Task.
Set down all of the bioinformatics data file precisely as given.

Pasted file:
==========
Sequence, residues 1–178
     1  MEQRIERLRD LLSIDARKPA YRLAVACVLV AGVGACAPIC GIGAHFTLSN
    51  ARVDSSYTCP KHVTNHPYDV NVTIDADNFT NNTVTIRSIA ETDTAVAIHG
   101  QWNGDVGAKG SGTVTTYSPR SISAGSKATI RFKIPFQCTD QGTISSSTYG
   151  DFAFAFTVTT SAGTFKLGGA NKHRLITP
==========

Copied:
Sequence, residues 1–178
     1  MEQRIERLRD LLSIDARKPA YRLAVACVLV AGVGACAPIC GIGAHFTLSN
    51  ARVDSSYTCP KHVTNHPYDV NVTIDADNFT NNTVTIRSIA ETDTAVAIHG
   101  QWNGDVGAKG SGTVTTYSPR SISAGSKATI RFKIPFQCTD QGTISSSTYG
   151  DFAFAFTVTT SAGTFKLGGA NKHRLITP